• Jim,

      agree we should underestimate pollution by aircraft. It is a significant percentage and pollution put in the wrong place: 35k ft..

      Engines get about 20% cleaner / more efficient every generation. A generation takes about 20 years to surface. So the enhancement is about 1% per year on avrage.

      What we don’t want to know/see is air traffic grows 4-5% per year! So the billions spend on developing cleaner engines leads to pollution growing 3-4% per year instead of 4-5% per year. It only slows the aviation pollution growth.

      Time again to tell ourselves we can’t change & look the other way. Industry practice. I think the free market economy proves the worst possible mechanism to stop us polluting our future environment. Reality hurts.

      Agree with you dedicated short haul bigger capacity aircraft are the way forward. Optimized for no more then 1500-2000Nm that is the bulk of flights. I’ve been pushing a combined 797 NSA/NMA for some time. Here’s the shorthaul version I haven’t published before.

      Low OEW, fast (de)boarding, large carry-on capacity and NMA commonality should set it apart from the successful A320 series.

      • Keesje

        Thanks for your proposed 797 info. We are still not quite on the same frequency. Your size is 150-220 comfortable single class — not much larger than the 737-8 MAX to A321 neo LR which would be around 180 to 220 with 31 “pitch slim line seats (favored by Bjorn, which feel like 32” pitch)

        My DSH is a much higher capacity 260 with later growth to 300; that’s for a lot more fuel and carbon savings per seat mile under 2000 nm range (and best economics too) — a new class for 2026-2046 . Carbon reduction will require this short haul capacity; trade some reduction in flight frequencies on many hundreds of domestic high density routes for more carbon reduction. I believe it’s a two aisle aircraft with a composite fuselage. I also emphasize that cruise speed should be .72 mach , not .78-.8 mach, for another ~8% savings in fuel burned

        • Years ago I looked at a high density, short haul, twin aisle “standing seat” , counterrotating open rotor (CROR) concept, ECR-20 . Henry Lam (kaktus digital) did some great graphics. If you google ECR-20 aircraft graphics pop up.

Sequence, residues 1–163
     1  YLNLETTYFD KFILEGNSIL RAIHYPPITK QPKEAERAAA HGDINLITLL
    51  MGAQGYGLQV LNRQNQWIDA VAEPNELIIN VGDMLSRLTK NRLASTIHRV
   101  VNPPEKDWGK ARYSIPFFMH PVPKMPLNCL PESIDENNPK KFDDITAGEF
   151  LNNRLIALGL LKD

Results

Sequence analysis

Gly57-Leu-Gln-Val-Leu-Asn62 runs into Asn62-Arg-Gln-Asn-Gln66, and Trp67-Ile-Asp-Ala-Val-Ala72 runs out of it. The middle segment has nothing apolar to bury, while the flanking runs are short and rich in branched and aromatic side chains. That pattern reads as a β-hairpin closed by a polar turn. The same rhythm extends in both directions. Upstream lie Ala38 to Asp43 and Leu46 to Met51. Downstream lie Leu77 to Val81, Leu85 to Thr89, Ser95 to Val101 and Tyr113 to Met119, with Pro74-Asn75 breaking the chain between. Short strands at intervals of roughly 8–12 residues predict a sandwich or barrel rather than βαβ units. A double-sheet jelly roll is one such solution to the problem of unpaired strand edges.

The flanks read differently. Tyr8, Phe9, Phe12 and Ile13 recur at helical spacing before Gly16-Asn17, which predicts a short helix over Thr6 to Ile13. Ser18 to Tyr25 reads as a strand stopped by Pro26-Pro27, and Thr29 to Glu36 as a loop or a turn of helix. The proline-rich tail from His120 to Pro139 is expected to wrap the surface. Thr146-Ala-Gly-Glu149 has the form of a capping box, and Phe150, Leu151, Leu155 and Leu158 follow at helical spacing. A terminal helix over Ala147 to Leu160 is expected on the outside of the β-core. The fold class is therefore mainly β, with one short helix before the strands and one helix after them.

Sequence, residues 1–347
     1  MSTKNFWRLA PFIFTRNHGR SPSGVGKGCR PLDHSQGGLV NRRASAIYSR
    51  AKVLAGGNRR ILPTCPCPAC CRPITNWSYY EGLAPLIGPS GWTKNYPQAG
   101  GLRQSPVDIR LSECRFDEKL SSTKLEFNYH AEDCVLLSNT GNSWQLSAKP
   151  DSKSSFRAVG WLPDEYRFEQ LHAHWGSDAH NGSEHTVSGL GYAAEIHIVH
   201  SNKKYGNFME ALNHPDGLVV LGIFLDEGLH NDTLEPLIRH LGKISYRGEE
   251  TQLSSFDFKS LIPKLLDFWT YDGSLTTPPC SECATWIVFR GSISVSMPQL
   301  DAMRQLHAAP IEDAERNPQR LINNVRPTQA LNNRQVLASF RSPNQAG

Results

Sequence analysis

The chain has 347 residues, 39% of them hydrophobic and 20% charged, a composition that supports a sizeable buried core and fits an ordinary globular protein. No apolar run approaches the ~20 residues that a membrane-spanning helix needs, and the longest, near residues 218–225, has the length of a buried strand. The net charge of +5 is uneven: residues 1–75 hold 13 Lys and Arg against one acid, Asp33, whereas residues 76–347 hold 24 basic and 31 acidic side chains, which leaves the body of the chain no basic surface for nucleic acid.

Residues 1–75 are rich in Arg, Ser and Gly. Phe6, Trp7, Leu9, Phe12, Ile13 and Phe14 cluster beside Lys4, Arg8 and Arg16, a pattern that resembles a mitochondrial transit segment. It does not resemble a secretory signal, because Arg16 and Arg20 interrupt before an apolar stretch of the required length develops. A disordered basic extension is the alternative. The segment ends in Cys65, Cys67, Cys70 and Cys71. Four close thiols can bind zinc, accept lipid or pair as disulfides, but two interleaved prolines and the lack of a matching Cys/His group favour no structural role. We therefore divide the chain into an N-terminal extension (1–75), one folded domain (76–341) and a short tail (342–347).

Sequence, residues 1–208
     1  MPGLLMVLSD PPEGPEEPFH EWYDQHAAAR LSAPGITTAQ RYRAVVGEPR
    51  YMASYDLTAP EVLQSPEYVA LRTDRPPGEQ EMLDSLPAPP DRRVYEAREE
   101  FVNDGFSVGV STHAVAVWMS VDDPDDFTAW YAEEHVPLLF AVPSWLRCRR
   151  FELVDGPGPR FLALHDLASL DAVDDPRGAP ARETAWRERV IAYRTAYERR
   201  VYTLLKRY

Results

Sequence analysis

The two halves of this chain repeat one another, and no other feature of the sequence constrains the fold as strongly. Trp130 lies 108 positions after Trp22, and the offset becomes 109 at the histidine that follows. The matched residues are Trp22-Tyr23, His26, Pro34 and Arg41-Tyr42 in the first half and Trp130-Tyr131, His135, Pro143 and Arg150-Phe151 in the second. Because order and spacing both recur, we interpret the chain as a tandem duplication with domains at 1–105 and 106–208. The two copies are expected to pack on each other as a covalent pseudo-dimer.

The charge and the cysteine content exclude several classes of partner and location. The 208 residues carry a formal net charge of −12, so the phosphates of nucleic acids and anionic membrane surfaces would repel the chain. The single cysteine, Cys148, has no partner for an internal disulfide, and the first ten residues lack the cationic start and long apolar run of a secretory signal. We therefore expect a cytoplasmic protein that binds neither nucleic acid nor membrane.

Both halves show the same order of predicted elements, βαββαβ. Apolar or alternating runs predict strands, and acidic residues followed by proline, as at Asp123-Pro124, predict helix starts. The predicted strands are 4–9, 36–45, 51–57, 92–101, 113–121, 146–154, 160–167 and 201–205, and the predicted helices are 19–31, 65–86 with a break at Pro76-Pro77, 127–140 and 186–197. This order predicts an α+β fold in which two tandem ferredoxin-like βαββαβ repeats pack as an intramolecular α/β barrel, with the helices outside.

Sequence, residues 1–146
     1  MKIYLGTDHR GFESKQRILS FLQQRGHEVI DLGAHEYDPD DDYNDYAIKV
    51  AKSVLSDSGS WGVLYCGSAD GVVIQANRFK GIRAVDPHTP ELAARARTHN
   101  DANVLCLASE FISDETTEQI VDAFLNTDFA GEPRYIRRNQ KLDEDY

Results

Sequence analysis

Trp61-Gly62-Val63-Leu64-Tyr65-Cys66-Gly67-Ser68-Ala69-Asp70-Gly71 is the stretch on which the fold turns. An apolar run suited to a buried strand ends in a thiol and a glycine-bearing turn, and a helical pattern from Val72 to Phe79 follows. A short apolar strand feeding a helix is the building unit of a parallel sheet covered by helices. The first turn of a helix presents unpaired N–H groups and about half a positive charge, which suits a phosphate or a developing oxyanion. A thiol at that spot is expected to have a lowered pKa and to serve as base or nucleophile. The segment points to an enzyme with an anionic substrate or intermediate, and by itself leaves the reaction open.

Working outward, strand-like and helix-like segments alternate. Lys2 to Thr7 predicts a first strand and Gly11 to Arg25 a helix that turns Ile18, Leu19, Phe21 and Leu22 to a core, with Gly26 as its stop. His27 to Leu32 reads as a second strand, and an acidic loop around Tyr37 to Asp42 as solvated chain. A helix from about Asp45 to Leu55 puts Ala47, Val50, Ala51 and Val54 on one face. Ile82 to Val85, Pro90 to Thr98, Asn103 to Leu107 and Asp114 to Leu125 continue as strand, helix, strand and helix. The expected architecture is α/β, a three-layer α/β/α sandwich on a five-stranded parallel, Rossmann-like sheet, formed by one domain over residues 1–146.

The last rows conventional seats for “eldery & disabled” were not widely celebrated 🙂

          • Keesje,

            I Googled your 2011 ECR-220 concept. It’s 40 seats too small for a fuel saving market beyond 2025. As to its high wing with counter rotating open rotors about 16 ft in diameter, what year for initial service? European companies would say around 2030– and they favor rear mounted propulsors and low wing. And apparently around 180 passengers.

            We need the DSH in service ASAP. By 2025 commercial airlines will be emitting a billion tons of carbon dioxide annually. My DSH should beat A 320 neo, 737-8 MAX, C919, MS-21 by 40-50 % in fuel burned per seat mile under 2000 nm. What would be your favorite 2016 short haul concept for fuel savings in a carbon fraught era.

          • Hi Jim,

            70-75% of all passengers is for tourism. We have to cut back on the fun part. Stay around your own place. That should reduce emissions 40-50%. 😐

            Speedtrains are an enormous investment, but work. Centralized countries like China and France took the lead. They did non-idealistic calculations (oil is gone in 50 years, go nuclear to protect our environment, forget the PR sun/windmills) and had the power / resources to overrule and implement. What the new, undemocratic rich China rolled out over the last 15 years is the more mind boggling.

            Forair traffic is required, fly slow, make fuel stops, avoid cargo, use noisy big props, get rid of sleeper seats, up the prices, reduce frequencies, add taxes, regulations. All the stuff us and the IATA hate basically.

  11. I think United Airlines is pulling strings in the background of the 737MAX-9/10X / NMA/NSA discussions. They are the biggest MAX-9 customer with a large ~urgent MoM requirement.

    United can pull the plug on the -9 program if they feel it’s no longer the best idea for them. Boeing is kind of saying so (-10X) & has to stay friends anyway.

    United have to protect their investments / future fleet value. John Leahy never sits on his hands / no doubt offers them A321 CEO/NEO slots. All UA’s competitors are taking deliveries as we speak for TransCon.

  12. keesje,

    To continue our 6/2 dialogue:

    In an age of climate change peril many people and businesses will alter their travel habits: Reduce Flying or Fly Not So Far or Just Not Fly. The way to minimize this response is for the airlines to be seen by the public and governments as helping to meet or beat National Goals for carbon reduction (ref. the Paris accords of 196 nations), i.e., playing a role in helping to solve the problem in creative ways.

    There are creative ways that do not depend on new technology. The easiest and most practical is to eliminate premium class in single aisle aircraft and especially in twin aisle, wide body aircraft. The US could decide in 2017 to only allow air transports to take off or land in the US beyond 2022 which have single class “green” seating — say 31-32″ pitch. The EU and China might agree and require the same. That’s “instant” capacity; fewer frequencies and somewhat less passenger convenience (less than the current 20+ flights per day from Boston to Chicago and less than 2500 airplanes flying the N Atlantic daily), but much less fuel burned and tons of CO2 generated. In the available wide body 767, 777, 787, A330, A350, A380 families from 50 to 100 more seats would be added.